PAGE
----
Have you started looking into what Medicare can offer you? You might be wondering if you qualify for Medicare, what the best companies are or what Medicare can offer you. Benzinga’s guide to the best Medicare in North Carolina can help you learn more.
The Best Medicare in North Carolina:
- Best Overall in North Carolina: Humana
- Most Affordable in North Carolina: Humana
- Best for Low Out-of-Pocket Maximum: Care N’ Care Insurance Company of North Carolina
- Best for Dual Eligibility: Cigna
- Best for Medicare Part D Plan: WellCare
What is Medicare?
Medicare is a health insurance program offered by the federal government. You may qualify for Medicare if you:
- Are 65 or older
- Have a disability
- Need dialysis or a transplant due to end-stage renal disease
Medicare coverage is offered in separate parts. Each part provides a specific area of your Medicare coverage:
Part A covers hospital insurance. You can use Part A for inpatient hospital stays, hospice care and care in a skilled nursing facility. In some cases, you may also be able to use it for home health care.
Part B provides medical insurance coverage. You can use this for outpatient care, medical supplies, preventive care and other medical services.
Part C is an alternative option called Medicare Advantage that combines both Medicare Part A and Part B. Medicare Advantage plans are offered by private insurance companies.
Part D offers prescription drug coverage. It’s offered as a supplemental plan that can be added to other parts of Medicare. Some Medicare Advantage plans already include prescription drug coverage.
Legalities of Medicare in North Carolina
Medicare is a health insurance program offered and regulated by the federal government. If you enroll in Original Medicare, you can see any doctor that accepts Medicare insurance.
Medicare Advantage plans are not part of Original Medicare and are not held to the same regulations. These plans are offered by private insurance companies and are controlled by the company that owns the plan you enroll in. These companies can restrict the doctors and specialists that are covered by your plan. You may also need to receive a referral before it offers coverage for a specialist visit. Some Medicare Advantage plans offer prescription drug coverage. You may be able to use generic drug treatments as opposed to brand-name options.
You can also get Medicare supplemental insurance. This is a supplemental plan — also known as Medigap coverage — designed to fill gaps in Medicare coverage. If you have a Medicare Advantage plan, you will be unable to carry supplemental insurance.
Types of Medicare Advantage Plans
You can choose from a few different types of plans. Each plan type offers its own unique benefits. Here’s a quick overview of the 2 plan types that you will likely see as you review your options:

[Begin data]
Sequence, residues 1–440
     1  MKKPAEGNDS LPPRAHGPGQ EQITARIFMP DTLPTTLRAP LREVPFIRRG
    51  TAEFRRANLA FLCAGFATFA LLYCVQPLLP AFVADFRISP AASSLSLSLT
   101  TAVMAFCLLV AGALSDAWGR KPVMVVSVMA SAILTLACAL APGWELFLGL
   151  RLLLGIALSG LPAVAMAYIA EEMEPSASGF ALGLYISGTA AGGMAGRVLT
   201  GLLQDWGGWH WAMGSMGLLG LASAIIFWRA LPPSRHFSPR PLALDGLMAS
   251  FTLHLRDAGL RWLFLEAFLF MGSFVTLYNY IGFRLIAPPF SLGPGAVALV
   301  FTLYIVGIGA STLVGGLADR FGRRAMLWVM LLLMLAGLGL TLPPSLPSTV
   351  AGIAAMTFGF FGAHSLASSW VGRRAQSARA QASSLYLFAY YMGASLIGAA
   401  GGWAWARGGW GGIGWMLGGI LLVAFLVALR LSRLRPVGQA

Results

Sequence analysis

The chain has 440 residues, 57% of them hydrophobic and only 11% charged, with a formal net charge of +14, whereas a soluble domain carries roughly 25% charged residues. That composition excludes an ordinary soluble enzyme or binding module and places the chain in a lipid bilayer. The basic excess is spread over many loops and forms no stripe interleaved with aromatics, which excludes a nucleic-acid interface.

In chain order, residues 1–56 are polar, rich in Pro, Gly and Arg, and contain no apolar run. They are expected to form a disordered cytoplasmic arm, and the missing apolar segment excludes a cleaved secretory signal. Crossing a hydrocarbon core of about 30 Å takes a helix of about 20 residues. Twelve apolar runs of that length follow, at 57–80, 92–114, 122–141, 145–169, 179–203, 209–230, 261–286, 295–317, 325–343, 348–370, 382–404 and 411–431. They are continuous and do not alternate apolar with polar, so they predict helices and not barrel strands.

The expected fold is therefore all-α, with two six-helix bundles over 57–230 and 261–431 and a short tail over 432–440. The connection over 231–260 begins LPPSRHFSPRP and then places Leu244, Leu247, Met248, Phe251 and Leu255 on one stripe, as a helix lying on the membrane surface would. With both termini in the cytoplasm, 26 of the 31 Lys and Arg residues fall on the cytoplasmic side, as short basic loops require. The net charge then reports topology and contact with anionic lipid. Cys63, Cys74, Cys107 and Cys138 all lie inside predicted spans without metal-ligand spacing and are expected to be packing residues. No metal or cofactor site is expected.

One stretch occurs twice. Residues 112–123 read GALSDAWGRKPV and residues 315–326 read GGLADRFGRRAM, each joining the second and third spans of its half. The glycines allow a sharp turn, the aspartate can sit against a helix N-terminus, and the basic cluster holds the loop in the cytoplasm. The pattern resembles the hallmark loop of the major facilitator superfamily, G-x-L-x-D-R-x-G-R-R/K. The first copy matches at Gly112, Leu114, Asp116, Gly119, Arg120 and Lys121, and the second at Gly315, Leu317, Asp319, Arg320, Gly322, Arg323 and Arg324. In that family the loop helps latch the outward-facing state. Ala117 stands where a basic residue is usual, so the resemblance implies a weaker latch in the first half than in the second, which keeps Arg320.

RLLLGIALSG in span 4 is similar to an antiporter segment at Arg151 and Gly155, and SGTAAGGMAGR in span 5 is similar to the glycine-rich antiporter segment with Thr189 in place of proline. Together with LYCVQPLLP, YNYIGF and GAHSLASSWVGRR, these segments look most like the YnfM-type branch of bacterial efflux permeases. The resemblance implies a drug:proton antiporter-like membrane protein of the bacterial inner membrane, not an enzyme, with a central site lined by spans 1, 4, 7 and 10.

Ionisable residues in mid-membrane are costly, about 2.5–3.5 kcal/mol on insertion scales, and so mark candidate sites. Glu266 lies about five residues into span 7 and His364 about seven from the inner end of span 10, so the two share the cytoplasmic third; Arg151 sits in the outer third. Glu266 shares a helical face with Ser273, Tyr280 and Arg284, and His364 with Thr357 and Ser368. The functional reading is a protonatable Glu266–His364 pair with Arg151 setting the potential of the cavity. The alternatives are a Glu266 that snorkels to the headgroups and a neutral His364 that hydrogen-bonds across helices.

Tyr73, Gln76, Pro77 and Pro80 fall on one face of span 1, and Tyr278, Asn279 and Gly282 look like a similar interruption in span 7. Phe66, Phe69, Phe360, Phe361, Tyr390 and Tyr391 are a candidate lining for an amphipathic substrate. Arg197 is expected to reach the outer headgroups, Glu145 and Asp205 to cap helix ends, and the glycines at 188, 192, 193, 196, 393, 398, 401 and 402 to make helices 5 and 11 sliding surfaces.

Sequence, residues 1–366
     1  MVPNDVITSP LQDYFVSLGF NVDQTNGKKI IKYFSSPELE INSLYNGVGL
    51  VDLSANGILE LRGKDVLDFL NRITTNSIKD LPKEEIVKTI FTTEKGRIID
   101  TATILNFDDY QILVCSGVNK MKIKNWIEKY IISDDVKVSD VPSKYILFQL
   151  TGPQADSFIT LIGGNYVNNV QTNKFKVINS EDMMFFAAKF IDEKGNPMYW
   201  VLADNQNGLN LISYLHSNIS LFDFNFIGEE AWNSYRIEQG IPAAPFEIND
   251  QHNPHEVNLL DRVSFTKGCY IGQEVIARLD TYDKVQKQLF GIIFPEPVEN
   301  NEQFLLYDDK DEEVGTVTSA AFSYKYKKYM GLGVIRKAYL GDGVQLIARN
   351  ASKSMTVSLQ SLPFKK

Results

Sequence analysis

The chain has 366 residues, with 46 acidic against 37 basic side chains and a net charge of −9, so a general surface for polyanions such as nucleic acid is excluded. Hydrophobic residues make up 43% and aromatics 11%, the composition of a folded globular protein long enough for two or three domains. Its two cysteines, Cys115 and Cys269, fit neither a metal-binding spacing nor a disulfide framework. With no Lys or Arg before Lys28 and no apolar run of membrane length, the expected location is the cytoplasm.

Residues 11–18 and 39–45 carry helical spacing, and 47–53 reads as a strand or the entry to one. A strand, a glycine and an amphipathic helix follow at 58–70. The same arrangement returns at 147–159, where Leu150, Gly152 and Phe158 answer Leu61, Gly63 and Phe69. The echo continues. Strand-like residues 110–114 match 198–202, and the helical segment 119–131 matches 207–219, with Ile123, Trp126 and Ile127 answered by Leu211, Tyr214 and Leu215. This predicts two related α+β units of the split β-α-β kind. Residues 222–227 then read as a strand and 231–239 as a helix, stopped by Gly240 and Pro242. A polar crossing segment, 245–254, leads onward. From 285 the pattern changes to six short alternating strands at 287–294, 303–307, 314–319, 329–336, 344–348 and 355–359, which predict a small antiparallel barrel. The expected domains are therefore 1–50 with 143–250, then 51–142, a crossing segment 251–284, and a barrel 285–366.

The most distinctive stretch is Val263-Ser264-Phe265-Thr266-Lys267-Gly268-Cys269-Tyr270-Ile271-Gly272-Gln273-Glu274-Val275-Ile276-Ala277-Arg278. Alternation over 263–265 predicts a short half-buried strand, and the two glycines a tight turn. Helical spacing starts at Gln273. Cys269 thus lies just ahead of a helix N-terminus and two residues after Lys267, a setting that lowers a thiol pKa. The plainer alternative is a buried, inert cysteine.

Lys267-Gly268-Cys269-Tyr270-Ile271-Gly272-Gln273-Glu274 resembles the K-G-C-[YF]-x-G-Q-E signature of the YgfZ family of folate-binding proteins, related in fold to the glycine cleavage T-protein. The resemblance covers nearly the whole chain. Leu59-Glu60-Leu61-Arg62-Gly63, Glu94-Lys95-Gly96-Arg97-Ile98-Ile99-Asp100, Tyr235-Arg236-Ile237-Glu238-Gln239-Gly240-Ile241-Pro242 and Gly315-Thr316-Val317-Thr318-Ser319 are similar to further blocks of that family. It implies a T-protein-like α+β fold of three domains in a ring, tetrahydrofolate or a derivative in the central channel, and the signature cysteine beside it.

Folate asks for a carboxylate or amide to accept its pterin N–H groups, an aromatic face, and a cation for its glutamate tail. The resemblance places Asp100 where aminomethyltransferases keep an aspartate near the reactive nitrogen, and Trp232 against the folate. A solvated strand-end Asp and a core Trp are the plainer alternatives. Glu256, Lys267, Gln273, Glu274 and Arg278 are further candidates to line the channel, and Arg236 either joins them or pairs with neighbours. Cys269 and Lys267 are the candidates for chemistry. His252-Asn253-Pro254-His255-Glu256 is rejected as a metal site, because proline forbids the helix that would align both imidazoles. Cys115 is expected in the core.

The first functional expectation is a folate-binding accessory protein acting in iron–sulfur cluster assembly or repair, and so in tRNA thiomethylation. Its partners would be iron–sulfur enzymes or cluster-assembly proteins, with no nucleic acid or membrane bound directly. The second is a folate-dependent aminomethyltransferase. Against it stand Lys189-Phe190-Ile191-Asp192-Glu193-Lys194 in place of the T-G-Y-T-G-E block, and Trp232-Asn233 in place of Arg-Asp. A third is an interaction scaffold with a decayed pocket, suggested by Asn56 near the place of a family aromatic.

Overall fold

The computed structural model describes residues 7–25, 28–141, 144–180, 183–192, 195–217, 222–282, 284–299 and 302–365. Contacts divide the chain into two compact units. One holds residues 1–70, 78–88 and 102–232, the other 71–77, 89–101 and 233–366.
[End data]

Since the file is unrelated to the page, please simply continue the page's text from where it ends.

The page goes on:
Health Maintenance Organization (HMO)
Health maintenance organization (HMO) plans include both Part A and Part B of Medicare insurance. It may also include Medicare Part D plans, as well as vision, dental and hearing benefits. Each insurance company you come across will have its own network of participating providers. HMO plans only offer coverage for visits with in-network medical service providers. It may also require you to receive a referral from a primary care doctor before it will cover a visit with a specialist.
Preferred Provider Organization (PPO)
Preferred provider organization (PPO) plans include Part A and Part B of Medicare insurance. You may also be able to get benefits like vision, dental, hearing and prescription drug coverage. Insurance companies that offer PPO plans also work with a network of participating providers but you’re not restricted to in-network providers. You can expect to pay more for visits with out-of-network providers.
PPO plans typically do not require a referral from your primary care doctor before you can receive coverage for a specialist visit. No matter which plan type you prefer, there are a few key terms you should know. These terms will help you better understand all of the costs associated with your plan:
Deductible: Your health insurance plan will come with a deductible. This is the amount of money that you must pay out-of-pocket for your covered medical services before your insurance kicks in toward your medical bills.
Coinsurance: Once you have met your deductible, your plan may require coinsurance payments. Coinsurance payments are a percentage of each covered medical visit that you pay out of pocket. Your insurance company will pay the remaining percentage to your medical provider.
Copay: Your plan may also require copayments instead of coinsurance. If this is the case, once you have met your deductible you will have to pay a set amount of money out of pocket for each covered medical service you receive. Your insurance company will pay the medical provider the remaining amount of your medical bill.
Premium: You will also see a premium listed with your health insurance plan. The premium is the amount of money you’ll pay to keep your health insurance plan active. Your premium payments will most likely be due monthly.
Out-of-pocket maximum: Your plan will come with an out-of-pocket maximum. Each time you pay for your covered medical services out-of-pocket, it will count toward this amount. Once you have met your plan’s out-of-pocket maximum, your insurance company will pay 100% of your covered medical costs until your plan expires or a new plan year begins.
How to Sign Up for Medicare in North Carolina
There are a few ways you can sign up for Medicare Part A and Part B coverage in North Carolina:
- Enroll online.
- Call Social Security Monday through Friday from 7 a.m. to 7 p.m. at 800-772-1213.
- Visit a Social Security office near you.
If you’re interested in a Medicare Advantage plan, you can review the plans available in your area online. Be sure to enter your ZIP code to find the most accurate information.
If you’ve found a Medicare Advantage plan that you’d like to enroll in, you can:
- Visit the insurance company’s website to see if it offers online enrollment.
- Contact the insurance company to request a paper enrollment form.
- Call 800-MEDICARE (800-633-4227).